Spray in Guernsey harbor.  Looks like someone put her in the drier on high heat and shrank her in comparison with the other boats in the harbor !
But beyond duty free and cows, Guernsey and Jersey seem to do their best to have nothing else in common.  There is a rivalry between the islands that is quite silly to outsiders, but which they take rather seriously.  They even go so far as to have seperate money printed (although it seems to be all perfectly interchangeable).  Guernsey is more of a boutique town with beautiful little streets and shops in a preserved old-town setting.  But once you've roamed through the 3-4 streets of the center several times, there's really not much else around, and even in summer, things shut down at 5:30 sharp.  Jersey, on the other had, was bombed during the war and lost much of its original charm.  As you pull into the harbor, you wonder why you bothered to pick your way through the rather tricky and confusing channel.  It's simply butt ugly.  But pushing a little bit past the port, you stumble into a bustling market area and modern city that's pulsing with energy unlike anything in quaint little Guernsey.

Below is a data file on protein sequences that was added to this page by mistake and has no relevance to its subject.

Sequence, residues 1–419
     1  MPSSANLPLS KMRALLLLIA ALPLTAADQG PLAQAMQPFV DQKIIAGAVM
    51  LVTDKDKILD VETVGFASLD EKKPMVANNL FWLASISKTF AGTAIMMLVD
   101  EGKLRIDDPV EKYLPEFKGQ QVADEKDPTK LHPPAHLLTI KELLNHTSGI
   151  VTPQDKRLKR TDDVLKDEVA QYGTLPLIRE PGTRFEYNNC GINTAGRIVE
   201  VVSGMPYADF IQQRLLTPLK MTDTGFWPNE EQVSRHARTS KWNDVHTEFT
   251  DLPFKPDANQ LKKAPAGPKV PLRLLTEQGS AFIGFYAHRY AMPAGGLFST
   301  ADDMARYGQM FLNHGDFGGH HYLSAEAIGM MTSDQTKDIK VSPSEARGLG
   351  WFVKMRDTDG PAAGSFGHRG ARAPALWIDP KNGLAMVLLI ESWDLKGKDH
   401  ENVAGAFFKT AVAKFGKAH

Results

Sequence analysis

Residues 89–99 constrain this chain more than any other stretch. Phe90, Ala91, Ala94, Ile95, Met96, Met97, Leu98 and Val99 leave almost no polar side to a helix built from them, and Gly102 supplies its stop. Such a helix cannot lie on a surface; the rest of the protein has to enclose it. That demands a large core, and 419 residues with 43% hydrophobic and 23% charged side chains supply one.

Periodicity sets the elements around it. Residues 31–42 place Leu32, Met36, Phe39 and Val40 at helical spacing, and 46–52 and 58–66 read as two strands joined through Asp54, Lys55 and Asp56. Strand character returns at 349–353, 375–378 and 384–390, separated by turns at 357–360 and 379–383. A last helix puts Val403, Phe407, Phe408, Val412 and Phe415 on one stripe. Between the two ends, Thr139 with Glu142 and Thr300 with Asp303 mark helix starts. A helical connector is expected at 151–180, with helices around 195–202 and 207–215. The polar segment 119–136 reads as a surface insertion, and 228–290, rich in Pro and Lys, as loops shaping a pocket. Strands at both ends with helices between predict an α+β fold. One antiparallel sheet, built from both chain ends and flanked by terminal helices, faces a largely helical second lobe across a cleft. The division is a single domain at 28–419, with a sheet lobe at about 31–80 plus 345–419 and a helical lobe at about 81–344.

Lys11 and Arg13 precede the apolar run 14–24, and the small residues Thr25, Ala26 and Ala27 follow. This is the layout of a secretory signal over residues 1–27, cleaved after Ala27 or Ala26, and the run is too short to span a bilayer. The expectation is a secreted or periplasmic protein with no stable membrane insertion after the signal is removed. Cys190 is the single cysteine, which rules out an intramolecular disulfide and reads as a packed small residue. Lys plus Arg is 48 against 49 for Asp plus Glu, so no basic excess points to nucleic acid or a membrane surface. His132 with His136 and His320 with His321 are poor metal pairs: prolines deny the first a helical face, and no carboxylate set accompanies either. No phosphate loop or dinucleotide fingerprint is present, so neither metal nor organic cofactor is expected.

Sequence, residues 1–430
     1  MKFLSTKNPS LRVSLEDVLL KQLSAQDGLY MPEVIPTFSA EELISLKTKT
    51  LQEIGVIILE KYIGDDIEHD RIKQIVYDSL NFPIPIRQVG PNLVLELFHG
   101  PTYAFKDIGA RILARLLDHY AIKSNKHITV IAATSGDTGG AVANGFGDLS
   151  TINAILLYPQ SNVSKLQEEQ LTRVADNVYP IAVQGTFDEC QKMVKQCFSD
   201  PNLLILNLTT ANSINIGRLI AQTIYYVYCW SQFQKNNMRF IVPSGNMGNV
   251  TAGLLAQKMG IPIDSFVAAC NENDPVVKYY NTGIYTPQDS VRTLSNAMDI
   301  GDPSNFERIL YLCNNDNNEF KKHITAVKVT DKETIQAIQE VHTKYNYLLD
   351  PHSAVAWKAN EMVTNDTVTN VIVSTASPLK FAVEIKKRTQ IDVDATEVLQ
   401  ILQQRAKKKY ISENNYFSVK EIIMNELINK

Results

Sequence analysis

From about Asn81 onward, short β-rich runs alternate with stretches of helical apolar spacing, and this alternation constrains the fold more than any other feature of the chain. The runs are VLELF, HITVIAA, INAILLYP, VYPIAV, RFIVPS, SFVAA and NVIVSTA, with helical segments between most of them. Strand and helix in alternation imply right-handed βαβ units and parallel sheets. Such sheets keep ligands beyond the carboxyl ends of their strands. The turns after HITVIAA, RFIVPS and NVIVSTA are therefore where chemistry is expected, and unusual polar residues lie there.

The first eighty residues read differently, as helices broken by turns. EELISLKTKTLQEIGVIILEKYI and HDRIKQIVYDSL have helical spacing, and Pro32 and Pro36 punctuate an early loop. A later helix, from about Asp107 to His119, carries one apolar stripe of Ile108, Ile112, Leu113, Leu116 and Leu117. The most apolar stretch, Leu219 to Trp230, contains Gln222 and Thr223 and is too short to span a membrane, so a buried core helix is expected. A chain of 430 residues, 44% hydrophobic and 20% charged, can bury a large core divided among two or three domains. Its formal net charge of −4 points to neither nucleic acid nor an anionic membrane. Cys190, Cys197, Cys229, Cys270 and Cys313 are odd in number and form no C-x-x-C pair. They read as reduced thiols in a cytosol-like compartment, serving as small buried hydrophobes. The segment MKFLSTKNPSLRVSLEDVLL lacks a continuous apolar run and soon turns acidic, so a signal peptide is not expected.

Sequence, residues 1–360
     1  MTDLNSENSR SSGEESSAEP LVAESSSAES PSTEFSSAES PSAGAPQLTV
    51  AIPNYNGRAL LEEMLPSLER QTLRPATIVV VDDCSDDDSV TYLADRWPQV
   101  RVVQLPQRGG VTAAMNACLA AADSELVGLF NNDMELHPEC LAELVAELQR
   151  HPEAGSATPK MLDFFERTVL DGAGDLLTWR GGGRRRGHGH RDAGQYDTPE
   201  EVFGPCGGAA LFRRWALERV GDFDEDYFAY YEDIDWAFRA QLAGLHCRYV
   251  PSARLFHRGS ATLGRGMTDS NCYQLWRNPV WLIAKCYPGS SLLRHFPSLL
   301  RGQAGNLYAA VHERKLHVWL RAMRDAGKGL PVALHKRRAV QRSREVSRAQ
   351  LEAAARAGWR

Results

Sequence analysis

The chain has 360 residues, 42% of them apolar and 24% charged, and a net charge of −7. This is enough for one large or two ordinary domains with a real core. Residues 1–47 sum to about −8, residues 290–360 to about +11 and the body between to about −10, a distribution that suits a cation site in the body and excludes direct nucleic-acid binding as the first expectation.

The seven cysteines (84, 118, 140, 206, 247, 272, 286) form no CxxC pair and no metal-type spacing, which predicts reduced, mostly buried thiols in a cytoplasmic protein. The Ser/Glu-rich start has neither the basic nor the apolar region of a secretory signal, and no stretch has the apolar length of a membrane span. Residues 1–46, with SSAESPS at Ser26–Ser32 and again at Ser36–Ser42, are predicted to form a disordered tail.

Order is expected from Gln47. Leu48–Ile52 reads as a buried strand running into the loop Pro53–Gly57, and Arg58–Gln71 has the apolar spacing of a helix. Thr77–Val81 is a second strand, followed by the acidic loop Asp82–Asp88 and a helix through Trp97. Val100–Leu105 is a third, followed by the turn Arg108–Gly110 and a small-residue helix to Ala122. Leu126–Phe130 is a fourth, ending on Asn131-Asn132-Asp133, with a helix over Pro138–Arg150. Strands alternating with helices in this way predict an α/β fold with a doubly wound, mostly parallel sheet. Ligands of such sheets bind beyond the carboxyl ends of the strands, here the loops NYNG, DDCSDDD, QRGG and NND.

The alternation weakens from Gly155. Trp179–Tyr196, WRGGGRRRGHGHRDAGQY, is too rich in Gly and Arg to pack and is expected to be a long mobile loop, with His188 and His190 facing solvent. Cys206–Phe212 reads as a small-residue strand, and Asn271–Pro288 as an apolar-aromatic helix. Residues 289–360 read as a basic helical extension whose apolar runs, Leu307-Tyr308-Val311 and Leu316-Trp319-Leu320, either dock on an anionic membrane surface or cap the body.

But one thing Guernsey has that Jersey doesn't seem to have (at least haven't found it yet) is Red Diesel.  Because the diesel is duty-free, they are obliged to put a red dye in it that allows the customs officials of other countries to know if their citizens have been sampling the local tax-free gas.  The rumors around the port were that foreign boats were not allowed to fill up, and that customs officials had been known to sample the gas from your tank to see if it was red or not.  Another sailor said that it was okay as long as you kept your receipt to prove that you had bought the gas on Guernsey.  This really made no sense to me so I chatted up the gas pump guy to know if we were officially allowed to fill up or not.  He told me that the only countries that had a problem with this were the Netherlands and Belgium, but that there hadn't been any sanctions against sailboats for years.  If you are only filling up your own tank, there's no problem.  There's no other diesel on the island, so you have no choice.  But what you are not allowed to do is to fill up containers or jerry cans to take back home as a souvenir.  They have signs all over the gas dock saying "no cans beyond this point."  After our marathon 11 hour motor to Guernsey, we took full advantage of a half-price Red Diesel fill-up in Guernsey.